African foods may prove to be a healthier alternative for blacks rather than the traditional fried foods with lots of rich and sweet desserts. Classes are being held all across the United States to promote healthier eating habits by cooking fresh foods based on traditional African cuisine. Such foods are not only good for blacks, but for anyone.
Aimed at blacks but open to anyone, the "Taste of African Heritage" classes are sponsored by the Boston-based nonprofit Oldways, which promotes healthier eating through traditional foods. Sessions are held nationwide to encourage people to skip burger joints and processed meals and get comfortable in the kitchen cooking fresh food.
In a world of cheeseburgers and fried chicken, participants are learning to use ingredients such as beans, greens, rice, grains, vegetables and spices that are common in traditional African dishes. Foods are seasoned with things like ginger, allspice and curry rather than salt or lard, and meat servings are small and lean. Ingredients are sauteed, steamed or quickly boiled in pots with small amounts of oil; no breading or flour on a chicken thighs or onions, for example.
After only a few weeks attending a class at a church in downtown Birmingham, Dorsey said he's already lost a few pounds and has more confidence about what and how to cook.
Rickey Dorsey knows he doesn't have the best diet, and his plump belly proves it. "I'm definitely used to a lot of fried food and sweets," the Birmingham man said. "And sweet tea." Dorsey, 53, is trying to change that. He is among about 500 people across the United States who have participated in a program to learn about cooking fresh foods based on traditional African cuisine. "It was so interesting learning about the African culture," he said.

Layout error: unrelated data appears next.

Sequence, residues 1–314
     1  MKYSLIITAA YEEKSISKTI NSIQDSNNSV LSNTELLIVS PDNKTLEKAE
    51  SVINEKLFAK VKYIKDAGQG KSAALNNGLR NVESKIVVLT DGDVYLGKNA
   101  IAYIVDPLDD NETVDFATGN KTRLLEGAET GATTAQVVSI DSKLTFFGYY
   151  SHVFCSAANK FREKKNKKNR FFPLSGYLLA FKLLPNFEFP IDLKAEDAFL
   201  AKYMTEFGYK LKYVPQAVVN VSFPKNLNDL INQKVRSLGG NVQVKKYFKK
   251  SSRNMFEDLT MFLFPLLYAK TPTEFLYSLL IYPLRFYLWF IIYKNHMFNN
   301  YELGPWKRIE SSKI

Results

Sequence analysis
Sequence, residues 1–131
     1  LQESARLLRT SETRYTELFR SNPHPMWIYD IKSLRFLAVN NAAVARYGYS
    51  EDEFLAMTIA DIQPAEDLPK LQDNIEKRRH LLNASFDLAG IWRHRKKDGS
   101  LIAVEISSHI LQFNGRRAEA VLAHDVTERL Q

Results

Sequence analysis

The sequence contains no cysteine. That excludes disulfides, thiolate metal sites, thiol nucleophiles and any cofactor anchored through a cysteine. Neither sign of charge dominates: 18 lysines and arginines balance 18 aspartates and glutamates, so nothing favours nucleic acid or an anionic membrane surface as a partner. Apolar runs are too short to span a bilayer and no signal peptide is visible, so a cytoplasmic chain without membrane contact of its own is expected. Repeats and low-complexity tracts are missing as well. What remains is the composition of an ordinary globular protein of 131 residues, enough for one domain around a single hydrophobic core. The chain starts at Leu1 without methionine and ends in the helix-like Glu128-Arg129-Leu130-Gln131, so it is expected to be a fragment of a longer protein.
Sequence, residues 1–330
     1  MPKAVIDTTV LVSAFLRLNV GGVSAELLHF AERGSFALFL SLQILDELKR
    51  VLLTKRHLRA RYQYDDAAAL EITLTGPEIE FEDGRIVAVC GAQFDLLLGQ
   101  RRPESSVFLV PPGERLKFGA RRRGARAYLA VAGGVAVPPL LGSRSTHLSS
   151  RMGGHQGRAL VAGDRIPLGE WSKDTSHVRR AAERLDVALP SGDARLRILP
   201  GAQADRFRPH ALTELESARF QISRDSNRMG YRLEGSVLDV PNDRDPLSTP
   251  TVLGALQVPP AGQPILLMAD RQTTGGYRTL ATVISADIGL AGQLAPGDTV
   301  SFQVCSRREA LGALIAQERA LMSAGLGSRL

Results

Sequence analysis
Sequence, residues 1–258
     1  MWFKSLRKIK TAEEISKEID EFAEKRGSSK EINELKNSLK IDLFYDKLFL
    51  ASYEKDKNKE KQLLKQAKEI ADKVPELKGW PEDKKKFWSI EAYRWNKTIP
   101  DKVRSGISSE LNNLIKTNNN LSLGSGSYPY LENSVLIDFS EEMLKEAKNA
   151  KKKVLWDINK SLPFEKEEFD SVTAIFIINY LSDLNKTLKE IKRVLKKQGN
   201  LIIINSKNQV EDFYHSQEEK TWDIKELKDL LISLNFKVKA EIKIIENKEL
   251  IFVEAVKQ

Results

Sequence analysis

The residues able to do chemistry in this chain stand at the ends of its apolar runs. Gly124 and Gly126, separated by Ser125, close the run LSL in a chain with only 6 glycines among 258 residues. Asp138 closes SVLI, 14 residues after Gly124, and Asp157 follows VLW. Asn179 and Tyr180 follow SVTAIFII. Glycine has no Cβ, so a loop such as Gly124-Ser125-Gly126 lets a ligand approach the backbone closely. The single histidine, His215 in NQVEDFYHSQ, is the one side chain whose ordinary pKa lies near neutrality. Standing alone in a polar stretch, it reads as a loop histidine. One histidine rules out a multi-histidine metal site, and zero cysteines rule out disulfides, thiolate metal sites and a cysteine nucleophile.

Classmate Sharon Reid, 54, said she's heard of ingredients like raw ginger for years but didn't know what to do with them. "This is fresh stuff," she said with an assortment of peas and beans spread on a table nearby. "And they teach you how to eat and to cut back on all the salt and stuff."
Formed in 1990, Oldways emphasizes traditional, plant-based diets like those from the Mediterranean region, Asia and Latin America over the processed items common in many American homes and restaurants. Following a pilot program held in 2012 for the African classes, the organization last year began using a $250,000 grant from Walmart to offer six-session classes across the country.
African cooking classes have been held in San Francisco, New York and Washington, D.C., as well as smaller cities including Fayetteville, North Carolina; Jasper, Georgia; and Danville, Virginia.
The sessions are targeted primarily at blacks, who suffer disproportionate rates of obesity, strokes, diabetes, heart disease and other ailments often linked to diet. While the Centers for Disease Control and Prevention estimates 35 percent of Americans are obese, blacks have the highest rates at nearly 48 percent.
Fifty of 150 planned courses already have been completed, and many participants are seeing measurable results, said Oldways president Sara Baer-Sinnott. Baer-Sinnott said that of 240 people who have completed personal evaluations, 66 percent lost weight, 38 percent had a decrease in blood pressure and 55 percent lost inches (centimeters) from their waist.
Linking healthy dietary practices with ethnic foods seems to be working, she said, and the classes will continue into 2015. "We're designing this so that one of the motivators is heritage," she said. "We're finding that it resonates with people."
But anyone can benefit from eating the foods that are from the African culinary heritage, said Mandy Willig, a dietitian and assistant professor at the University of Alabama at Birmingham who is serving as a volunteer instructor. "(The course) is designed exactly to show us that the actual African heritage consisted of lots of fruits and vegetables, of grains," she said. "It was a very low sodium diet that relied on a lot of herbs and spices to actually provide the extra flavor."
The courses are free. After listening to a brief lecture, students practice cutting up carrots and chopping onions. Afterward, they eat together. "The first thing we really want them to do is to just get in the kitchen more often," Willig said. "If you do that, above and beyond anything else, you're going to be healthier."
Copyright 2014 The Associated Press.